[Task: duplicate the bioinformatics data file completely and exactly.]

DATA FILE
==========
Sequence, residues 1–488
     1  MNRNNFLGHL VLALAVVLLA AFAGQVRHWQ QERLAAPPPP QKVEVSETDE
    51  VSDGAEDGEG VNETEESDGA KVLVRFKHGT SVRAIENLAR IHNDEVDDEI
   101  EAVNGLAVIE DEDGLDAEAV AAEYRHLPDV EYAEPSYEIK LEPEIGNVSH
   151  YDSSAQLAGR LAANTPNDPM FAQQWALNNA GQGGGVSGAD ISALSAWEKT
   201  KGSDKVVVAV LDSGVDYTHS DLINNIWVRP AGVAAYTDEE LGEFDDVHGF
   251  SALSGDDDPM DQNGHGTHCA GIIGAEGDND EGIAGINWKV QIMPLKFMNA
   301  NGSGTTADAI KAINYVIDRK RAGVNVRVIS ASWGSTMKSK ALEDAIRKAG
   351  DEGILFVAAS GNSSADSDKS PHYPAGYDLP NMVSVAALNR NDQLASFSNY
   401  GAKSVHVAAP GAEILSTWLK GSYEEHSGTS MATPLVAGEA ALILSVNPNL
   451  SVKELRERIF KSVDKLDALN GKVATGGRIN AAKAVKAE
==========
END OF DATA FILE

Sequence, residues 1–488
     1  MNRNNFLGHL VLALAVVLLA AFAGQVRHWQ QERLAAPPPP QKVEVSETDE
    51  VSDGAEDGEG VNETEESDGA KVLVRFKHGT SVRAIENLAR IHNDEVDDEI
   101  EAVNGLAVIE DEDGLDAEAV AAEYRHLPDV EYAEPSYEIK LEPEIGNVSH
   151  YDSSAQLAGR LAANTPNDPM FAQQWALNNA GQGGGVSGAD ISALSAWEKT
   201  KGSDKVVVAV LDSGVDYTHS DLINNIWVRP AGVAAYTDEE LGEFDDVHGF
   251  SALSGDDDPM DQNGHGTHCA GIIGAEGDND EGIAGINWKV QIMPLKFMNA
   301  NGSGTTADAI KAINYVIDRK RAGVNVRVIS ASWGSTMKSK ALEDAIRKAG
   351  DEGILFVAAS GNSSADSDKS PHYPAGYDLP NMVSVAALNR NDQLASFSNY
   401  GAKSVHVAAP GAEILSTWLK GSYEEHSGTS MATPLVAGEA ALILSVNPNL
   451  SVKELRERIF KSVDKLDALN GKVATGGRIN AAKAVKAE